Improving Trauma and Critical Care Proficiency and Readiness for Air Force Personnel in Critical Medical Specialties

Research Questions

  1. What factors currently affect medical personnel’s readiness for a time of war?
  2. How is information regarding readiness currently gathered and shared?
  3. What could be done to better improve readiness overall?

Most U.S. Air Force medical personnel spend their time at military treatment facilities (MTFs) caring for patients whose ailments are far less complex or urgent than the severe trauma-related injuries they would see in war. This mismatch between peacetime and wartime medical care necessitates a deliberate effort on the part of the Air Force Medical Service (AFMS) as a whole and the Pacific Air Forces (PACAF) to ensure that personnel in critical medical specialties receive the training and hands-on clinical experience they need to save lives in a high-casualty environment. The goal of this research project was to investigate approaches for increasing readiness and proficiency.

To develop a portfolio of readiness building activities, the authors analyzed manpower and personnel data, reviewed Comprehensive Medical Readiness Program (CMRP) checklists and relevant literature, engaged in discussions with the stakeholder community, and developed models of the assignment system and of skill acquisition and decay. They present their findings and recommendations for the future and have developed a prototype framework to demonstrate a possible method for deciding which readiness building activities and assignment policies to employ.

Key Findings

  • Personnel in the Western Pacific tend to be more experienced, on average, than those in locations in the continental United States, but undermanning combined with skill decay in remote regions can have a significant impact on readiness.
  • Deployments have been opportunities to develop proficiency, but these opportunities are declining; the impact on proficiency needs to be better understood, and other options to develop currency and readiness need to be utilized.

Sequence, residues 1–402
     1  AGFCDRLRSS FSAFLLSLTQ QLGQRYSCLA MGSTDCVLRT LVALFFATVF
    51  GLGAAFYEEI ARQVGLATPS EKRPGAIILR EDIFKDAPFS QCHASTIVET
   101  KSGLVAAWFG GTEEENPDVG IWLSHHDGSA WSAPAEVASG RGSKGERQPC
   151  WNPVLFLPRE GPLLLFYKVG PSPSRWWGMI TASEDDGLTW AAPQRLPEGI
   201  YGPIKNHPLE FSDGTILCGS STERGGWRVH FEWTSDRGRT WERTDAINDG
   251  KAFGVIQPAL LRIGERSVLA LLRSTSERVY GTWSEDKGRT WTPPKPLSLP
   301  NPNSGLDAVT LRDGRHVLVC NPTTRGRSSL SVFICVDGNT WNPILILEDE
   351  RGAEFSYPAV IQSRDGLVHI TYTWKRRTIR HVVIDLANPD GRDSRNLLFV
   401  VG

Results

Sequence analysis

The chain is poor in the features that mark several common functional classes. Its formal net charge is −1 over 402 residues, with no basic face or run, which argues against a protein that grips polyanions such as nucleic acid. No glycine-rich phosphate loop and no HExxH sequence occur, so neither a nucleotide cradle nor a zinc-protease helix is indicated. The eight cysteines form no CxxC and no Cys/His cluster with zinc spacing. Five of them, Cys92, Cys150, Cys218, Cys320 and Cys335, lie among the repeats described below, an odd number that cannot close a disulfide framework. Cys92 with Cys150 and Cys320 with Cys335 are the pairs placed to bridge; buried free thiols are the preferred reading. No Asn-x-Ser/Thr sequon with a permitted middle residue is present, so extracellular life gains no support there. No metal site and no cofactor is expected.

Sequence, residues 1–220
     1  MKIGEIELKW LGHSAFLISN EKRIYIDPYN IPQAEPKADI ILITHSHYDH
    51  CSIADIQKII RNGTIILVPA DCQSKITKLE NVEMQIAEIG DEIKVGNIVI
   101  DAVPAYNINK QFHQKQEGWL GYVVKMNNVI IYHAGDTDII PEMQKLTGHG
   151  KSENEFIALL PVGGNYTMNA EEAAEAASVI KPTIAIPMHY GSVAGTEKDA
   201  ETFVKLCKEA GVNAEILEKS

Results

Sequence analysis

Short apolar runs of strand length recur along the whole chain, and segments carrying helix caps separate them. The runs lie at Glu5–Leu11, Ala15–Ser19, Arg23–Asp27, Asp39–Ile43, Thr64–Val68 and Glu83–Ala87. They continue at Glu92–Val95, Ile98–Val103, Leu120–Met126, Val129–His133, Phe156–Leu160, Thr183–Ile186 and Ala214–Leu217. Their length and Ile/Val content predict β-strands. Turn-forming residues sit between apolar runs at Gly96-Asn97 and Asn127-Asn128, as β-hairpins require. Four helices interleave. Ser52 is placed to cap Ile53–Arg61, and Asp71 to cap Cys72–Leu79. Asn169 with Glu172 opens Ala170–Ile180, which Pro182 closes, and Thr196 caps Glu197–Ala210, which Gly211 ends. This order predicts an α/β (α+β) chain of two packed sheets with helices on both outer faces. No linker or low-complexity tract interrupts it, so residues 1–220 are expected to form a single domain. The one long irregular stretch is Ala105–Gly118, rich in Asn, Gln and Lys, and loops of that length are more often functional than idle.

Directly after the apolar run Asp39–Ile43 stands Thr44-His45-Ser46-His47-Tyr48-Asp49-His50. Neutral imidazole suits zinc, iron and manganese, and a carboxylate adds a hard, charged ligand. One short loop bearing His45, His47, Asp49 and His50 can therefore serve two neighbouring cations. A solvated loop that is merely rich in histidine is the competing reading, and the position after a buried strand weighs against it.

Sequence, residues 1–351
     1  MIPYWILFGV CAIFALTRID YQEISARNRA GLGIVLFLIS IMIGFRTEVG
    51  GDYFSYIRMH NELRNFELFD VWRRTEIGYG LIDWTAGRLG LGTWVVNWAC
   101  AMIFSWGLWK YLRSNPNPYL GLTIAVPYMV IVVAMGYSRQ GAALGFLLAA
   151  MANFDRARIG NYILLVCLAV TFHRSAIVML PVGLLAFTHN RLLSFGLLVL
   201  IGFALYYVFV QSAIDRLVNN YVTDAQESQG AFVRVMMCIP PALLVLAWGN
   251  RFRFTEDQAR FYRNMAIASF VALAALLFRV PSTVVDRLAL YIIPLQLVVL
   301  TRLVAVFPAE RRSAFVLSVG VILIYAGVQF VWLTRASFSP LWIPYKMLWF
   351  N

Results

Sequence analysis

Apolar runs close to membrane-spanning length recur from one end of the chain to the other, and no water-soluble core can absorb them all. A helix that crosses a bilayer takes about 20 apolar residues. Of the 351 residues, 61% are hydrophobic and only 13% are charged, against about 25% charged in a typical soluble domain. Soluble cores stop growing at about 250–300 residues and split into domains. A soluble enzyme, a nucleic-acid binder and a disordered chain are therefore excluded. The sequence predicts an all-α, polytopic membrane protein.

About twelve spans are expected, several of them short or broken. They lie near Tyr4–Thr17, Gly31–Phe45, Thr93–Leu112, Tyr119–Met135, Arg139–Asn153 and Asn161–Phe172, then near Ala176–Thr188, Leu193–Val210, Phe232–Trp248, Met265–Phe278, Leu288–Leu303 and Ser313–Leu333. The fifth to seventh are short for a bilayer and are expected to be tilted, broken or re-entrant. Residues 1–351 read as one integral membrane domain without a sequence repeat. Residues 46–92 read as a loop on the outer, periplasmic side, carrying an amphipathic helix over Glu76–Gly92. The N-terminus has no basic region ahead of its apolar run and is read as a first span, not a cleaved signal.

• CMRP checklists do not fully function as intended; there is no real standard against which to measure readiness, measure improvements in knowledge or skills, or identify areas of concern.
  • No single organization has visibility over the types of readiness activities currently being used throughout the MTFs and major commands, lessons learned, or investments being made and required; information sharing occurs primarily on an ad hoc basis.
  • Training activities are perhaps the easiest options to increase currency because they can focus directly on trauma and critical care, have low manpower costs and time commitment, and require little coordination outside the Air Force.
  • Readiness activities in the practice category include a wide variety of options for placing medical personnel in settings that require more-intensive patient care.
  • Assignment policies could contribute to readiness for the Western Pacific without having a negative effect on other locations.
  • Using a systematic framework to match different types of personnel according to their priority ranking, and constraints on participation and activities, could enable the AFMS to take a holistic view of different strategies for building readiness.

Recommendations

  • The Air Force should treat the readiness of medical personnel as an enterprise problem requiring an enterprise-wide solution.
  • The AFMS, in collaboration with the Air Force Personnel Center, should view assignments over the course of a career as a key component in the development of the proficiency and readiness of its personnel.
  • PACAF should continue to advocate for activities and policies that enhance proficiency of wartime skills and readiness for potential conflict.
  • The AFMS should undertake a comprehensive assessment of the requirements for medical simulation across the spectrum of modes, levels of complexity, and needed outcomes, including infrastructure and support.

Research conducted by

This research was commissioned by Pacific Air Forces and conducted within the Workforce, Development, and Health Program of RAND Project AIR FORCE.

This report is part of the RAND research report series. RAND reports present research findings and objective analysis that address the challenges facing the public and private sectors. All RAND reports undergo rigorous peer review to ensure high standards for research quality and objectivity.

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